Until now, Ray Bradbury has been one of those authors where the only book I’ve ever read is the one they assigned in high school. I am of course talking about Fahrenheit 451, Bradbury’s classic about a futuristic world where people watch wall-sized TVs and books are illegal. While I loved that novel I somehow never caught up with his other books. Having now read another work by the man, I have an even greater appreciation for his genius, and I can assure you that I will be getting to the rest of his works in due time.
The Martian Chronicles is a series of short pieces centered around the colonization of Mars by the United States. The first few missions meet tragic ends but soon the Americans establish a presence on the red planet and alter the planet to suit their purposes. Though the conditions on Mars do not match what we all know about the planet these days, (Bradbury’s astronauts breath on Mars with little difficulty, and there are streams and fields in addition to the red sands) that is decidedly beside the point. Indeed, The Martian Chronicles, despite being set between 1999-2026, has more to say about life in 1945 than in the future. There are stories about war, nuclear arms, racial tensions, and of course, colonization and its affect on indigenous people.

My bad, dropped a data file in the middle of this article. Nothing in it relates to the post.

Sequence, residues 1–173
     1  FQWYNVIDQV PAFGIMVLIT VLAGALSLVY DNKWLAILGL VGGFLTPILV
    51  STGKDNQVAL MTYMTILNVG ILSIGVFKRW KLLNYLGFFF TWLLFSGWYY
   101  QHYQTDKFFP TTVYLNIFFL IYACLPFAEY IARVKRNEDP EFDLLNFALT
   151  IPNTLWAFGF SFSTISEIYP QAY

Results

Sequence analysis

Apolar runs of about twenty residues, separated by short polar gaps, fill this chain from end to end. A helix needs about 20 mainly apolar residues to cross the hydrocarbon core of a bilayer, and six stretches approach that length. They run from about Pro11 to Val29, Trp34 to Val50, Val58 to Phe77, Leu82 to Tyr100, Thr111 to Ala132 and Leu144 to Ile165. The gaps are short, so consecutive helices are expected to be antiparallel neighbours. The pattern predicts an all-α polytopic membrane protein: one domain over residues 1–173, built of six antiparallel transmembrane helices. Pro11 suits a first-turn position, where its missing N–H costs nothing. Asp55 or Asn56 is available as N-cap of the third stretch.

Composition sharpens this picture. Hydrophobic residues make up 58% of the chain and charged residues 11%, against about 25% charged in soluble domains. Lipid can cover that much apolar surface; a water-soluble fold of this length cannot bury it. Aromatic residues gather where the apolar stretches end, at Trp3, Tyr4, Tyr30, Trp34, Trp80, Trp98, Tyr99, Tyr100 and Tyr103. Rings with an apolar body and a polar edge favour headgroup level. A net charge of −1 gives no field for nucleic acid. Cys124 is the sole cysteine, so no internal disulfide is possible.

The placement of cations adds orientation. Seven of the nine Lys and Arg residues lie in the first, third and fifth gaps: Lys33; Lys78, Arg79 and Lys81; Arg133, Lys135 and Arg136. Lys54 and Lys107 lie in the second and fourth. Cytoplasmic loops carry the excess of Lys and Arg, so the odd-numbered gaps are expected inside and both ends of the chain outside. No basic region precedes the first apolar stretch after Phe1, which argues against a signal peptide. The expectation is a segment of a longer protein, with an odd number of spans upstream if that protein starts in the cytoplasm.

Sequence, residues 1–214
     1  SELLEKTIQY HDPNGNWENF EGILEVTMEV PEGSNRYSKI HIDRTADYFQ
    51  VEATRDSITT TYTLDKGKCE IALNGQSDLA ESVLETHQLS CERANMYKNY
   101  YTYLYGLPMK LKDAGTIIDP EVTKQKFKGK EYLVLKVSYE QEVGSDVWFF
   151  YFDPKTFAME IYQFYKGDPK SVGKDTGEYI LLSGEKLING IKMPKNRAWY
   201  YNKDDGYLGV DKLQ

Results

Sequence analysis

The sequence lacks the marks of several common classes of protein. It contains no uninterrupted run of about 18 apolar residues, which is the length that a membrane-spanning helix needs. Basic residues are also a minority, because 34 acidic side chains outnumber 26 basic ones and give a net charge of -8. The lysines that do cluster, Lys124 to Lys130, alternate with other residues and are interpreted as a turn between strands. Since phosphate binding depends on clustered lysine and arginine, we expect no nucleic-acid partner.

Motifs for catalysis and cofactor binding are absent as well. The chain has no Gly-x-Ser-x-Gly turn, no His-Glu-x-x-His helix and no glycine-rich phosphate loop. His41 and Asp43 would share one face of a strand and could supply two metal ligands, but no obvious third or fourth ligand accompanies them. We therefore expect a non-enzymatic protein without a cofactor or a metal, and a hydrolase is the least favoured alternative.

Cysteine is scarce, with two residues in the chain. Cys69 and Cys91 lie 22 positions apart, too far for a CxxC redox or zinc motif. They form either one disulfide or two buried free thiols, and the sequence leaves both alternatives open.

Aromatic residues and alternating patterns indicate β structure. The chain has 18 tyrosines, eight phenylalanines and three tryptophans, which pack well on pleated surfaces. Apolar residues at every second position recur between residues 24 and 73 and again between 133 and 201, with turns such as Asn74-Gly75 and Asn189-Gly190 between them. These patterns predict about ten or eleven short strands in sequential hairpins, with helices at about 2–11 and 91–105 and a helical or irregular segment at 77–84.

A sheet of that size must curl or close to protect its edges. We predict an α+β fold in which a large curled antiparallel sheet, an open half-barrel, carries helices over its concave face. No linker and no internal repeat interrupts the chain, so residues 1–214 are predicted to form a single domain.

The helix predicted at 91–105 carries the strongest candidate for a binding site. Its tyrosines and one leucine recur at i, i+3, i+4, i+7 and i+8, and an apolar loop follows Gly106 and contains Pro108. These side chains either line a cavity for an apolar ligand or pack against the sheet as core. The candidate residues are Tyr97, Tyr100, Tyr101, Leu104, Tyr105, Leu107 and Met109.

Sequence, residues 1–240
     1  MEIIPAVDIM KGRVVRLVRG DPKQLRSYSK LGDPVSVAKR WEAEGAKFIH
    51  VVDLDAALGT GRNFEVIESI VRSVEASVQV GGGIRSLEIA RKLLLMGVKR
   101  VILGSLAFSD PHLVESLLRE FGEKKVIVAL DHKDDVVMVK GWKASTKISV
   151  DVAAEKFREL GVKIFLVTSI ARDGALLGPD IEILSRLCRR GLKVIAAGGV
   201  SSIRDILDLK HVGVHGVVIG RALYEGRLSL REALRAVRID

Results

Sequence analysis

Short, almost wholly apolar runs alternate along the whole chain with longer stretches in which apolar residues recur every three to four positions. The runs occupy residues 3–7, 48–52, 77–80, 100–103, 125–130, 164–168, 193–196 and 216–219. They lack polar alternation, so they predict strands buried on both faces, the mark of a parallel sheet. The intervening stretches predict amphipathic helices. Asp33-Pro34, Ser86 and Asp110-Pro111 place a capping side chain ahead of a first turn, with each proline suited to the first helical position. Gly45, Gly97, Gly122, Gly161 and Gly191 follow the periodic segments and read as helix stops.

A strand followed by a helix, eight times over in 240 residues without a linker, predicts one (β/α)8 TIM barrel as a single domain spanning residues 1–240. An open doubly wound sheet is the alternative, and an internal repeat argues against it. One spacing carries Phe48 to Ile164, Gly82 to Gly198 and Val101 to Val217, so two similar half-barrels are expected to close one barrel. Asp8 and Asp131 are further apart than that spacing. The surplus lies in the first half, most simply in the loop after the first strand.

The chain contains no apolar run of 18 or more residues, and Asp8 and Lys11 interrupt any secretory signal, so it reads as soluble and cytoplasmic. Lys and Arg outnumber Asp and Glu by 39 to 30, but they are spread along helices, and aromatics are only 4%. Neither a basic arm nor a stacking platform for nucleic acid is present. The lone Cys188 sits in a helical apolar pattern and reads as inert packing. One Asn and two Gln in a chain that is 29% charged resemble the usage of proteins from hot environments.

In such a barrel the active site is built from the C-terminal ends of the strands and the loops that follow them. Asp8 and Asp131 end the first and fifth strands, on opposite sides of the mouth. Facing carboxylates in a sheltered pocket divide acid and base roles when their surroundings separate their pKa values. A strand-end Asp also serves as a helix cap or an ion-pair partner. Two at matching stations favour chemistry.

The breadth and depth of these stories testify to the wonder of Bradbury’s wit and imagination. To read them is to see a master at the top of his form. The early stories are reminiscent of The Twilight Zone with their oddball premises and twist endings. The later stories are wistful laments, showing the author’s pessimism about the human race and the American character. His colonists debate the merits of what they have achieved and what they have wrought.
There isn’t a wrong note in the entire collection. These are stories that will astonish you with their creativity. The philosophical dilemmas they present will make you think. They are dazzling.